Question: Makefile-Driven Workflows And Bioconductor Objects
gravatar for gbayon
7.2 years ago by
gbayon160 wrote:

Hi everybody.

I have been working for 10 months in Bioinformatics now. Although I have learned a lot of things, I still consider myself a newbie in many aspects. One of the things I am usually having nightmares with is the development and maintenance of workflows for our projects. Most of them are currently analyses of Illumina 450k methylation data (and some ChIP-seq's are also on the way).

Truth is I feel comfortable working with make. I have been a UNIX user for many years, and do I like the simplicity and power of Makefiles. Moreover, you can find make in every system, so it has been tested a lot. I like to learn about and test different approaches and frameworks like Taverna and Pegasus, but I always have the suspicion that every tool is going to dissappear in the long term while make remains (as it has been for many years).

I have faced the typical problems with makefile-driven workflows, such as the multiple target rules, defining ways of sharing information between workflows, avoiding the replication of code by using systemwide scripts, etc.. I somehow managed to continue, but now I am experiencing some problems and I would like to ask for some advice or hint.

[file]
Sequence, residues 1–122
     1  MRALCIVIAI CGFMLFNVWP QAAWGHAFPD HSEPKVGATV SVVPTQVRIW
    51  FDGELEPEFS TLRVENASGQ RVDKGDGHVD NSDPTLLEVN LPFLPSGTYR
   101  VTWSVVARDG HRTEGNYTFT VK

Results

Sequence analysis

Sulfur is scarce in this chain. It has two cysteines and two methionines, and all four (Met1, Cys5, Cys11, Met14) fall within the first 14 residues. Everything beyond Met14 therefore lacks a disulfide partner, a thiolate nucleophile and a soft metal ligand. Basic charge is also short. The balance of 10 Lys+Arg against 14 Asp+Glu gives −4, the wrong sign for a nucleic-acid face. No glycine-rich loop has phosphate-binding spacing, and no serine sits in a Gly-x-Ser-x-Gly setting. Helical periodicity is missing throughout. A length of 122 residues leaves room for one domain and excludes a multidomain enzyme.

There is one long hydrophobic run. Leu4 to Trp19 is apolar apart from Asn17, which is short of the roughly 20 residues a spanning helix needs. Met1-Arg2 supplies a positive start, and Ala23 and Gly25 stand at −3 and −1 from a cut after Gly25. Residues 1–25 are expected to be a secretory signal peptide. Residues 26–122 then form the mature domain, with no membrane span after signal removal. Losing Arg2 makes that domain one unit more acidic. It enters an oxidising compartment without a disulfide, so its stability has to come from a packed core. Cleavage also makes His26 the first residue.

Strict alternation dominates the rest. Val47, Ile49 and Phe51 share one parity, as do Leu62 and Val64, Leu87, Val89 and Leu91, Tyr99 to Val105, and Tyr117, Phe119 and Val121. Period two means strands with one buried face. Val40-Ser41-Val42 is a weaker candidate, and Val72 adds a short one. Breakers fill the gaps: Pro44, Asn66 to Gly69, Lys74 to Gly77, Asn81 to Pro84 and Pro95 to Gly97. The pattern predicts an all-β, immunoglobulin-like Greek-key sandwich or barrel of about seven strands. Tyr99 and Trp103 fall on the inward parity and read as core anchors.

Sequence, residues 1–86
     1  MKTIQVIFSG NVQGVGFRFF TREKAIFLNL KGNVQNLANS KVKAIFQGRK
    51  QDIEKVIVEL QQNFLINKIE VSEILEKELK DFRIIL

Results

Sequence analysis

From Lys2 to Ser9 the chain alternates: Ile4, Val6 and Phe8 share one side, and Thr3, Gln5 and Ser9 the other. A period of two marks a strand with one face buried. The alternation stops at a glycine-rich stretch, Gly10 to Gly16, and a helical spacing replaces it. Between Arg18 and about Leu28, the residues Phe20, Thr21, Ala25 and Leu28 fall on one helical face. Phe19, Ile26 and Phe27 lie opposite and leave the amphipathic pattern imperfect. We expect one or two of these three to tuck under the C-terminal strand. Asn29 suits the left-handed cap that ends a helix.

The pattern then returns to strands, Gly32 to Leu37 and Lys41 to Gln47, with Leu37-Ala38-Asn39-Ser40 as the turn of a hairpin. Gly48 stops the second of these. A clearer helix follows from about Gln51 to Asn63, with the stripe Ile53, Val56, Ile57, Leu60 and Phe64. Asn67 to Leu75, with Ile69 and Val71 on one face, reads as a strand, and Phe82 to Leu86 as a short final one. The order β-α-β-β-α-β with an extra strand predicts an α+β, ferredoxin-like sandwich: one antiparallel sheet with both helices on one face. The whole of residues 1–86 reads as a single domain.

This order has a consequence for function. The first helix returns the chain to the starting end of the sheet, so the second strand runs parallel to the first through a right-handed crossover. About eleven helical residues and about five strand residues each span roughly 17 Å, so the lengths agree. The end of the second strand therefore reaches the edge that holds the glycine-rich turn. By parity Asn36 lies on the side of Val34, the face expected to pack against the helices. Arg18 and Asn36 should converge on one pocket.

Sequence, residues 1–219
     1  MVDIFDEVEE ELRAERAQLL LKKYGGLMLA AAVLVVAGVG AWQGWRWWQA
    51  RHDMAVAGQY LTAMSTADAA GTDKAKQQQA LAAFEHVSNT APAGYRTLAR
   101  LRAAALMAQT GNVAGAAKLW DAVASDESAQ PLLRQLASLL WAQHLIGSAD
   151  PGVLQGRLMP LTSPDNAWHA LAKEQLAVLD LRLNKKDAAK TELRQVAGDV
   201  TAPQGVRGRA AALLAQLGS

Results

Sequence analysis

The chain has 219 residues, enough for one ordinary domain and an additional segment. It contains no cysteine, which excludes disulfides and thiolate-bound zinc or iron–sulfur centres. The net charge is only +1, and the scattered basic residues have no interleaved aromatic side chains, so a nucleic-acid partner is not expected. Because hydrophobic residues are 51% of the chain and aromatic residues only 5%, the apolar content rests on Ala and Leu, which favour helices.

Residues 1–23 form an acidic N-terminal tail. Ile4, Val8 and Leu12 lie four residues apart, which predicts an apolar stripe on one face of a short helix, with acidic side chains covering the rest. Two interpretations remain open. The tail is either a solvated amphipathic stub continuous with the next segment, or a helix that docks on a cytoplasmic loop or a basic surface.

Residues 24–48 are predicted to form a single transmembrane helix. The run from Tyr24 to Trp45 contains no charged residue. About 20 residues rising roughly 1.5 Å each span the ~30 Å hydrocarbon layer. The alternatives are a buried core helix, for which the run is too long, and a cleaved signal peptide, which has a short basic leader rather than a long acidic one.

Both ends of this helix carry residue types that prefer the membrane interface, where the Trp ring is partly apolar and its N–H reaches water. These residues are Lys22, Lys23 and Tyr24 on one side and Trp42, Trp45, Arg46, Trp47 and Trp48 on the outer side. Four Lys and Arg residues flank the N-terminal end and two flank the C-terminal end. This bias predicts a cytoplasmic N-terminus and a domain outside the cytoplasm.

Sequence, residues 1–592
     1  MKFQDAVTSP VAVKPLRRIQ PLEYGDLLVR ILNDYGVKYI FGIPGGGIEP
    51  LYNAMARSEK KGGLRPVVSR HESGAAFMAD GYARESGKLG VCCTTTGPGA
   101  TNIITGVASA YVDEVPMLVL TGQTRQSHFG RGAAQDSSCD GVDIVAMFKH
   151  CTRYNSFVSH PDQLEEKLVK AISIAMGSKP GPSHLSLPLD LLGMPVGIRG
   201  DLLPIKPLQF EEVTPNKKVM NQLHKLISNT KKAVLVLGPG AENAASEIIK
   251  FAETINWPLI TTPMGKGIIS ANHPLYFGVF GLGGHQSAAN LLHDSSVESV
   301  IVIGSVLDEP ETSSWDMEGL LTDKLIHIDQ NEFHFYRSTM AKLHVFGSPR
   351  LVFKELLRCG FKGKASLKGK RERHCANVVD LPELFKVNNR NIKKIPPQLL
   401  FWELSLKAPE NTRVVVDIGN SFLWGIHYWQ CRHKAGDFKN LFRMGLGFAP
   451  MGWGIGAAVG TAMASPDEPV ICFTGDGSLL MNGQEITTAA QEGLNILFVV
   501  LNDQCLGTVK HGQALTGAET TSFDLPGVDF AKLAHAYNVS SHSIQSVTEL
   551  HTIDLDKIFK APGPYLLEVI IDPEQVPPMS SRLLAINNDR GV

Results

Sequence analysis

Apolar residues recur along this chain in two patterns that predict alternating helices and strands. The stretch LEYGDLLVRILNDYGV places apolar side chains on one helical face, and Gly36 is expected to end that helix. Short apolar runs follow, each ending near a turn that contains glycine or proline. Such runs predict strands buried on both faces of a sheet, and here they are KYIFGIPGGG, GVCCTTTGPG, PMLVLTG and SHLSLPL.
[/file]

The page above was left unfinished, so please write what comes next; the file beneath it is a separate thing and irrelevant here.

Problem is, I usually develop scripts in R/Bioconductor and I wanted to change my workflows into something more zen (text files for communication, so I could even use UNIX command line tools such as awk). Most of the time I am using objects like MethylSet, RGChannelSet, GRanges, ... For example, if I would like to develop a script for importing raw data from a set of IDAT files and a sample sheet, I could use the minfi package and read the whole experiment into a RGChannelSet. This object contains information for the red and green channels, as long as phenotype data from the sample sheet. Then, if I want to produce some output in text file format, I run into problems.

For example, I could choose to produce three text files: phenodata, red raw data and green raw data. That would be fine, and I could work over them with awk, or grep, in order to do other things. But I don't really like it if I think that:

  • I could miss information from the original Bioconductor object.
  • Red and green files are not semantically related any more. It's up to me to remember to process them as a single item in downstream analyses.
  • In later steps, I could need to write a script for reading those separate files into a RGChannelSet again. Flexibility is maximal, but I could lose information along the way, or even messing things by mixing channels from different sources.

I was previously using .RData files to pass information from task to task. And I thought even about JSON for this task, but I have to admit that the column plain text file format still looks stylish (and useful) to me.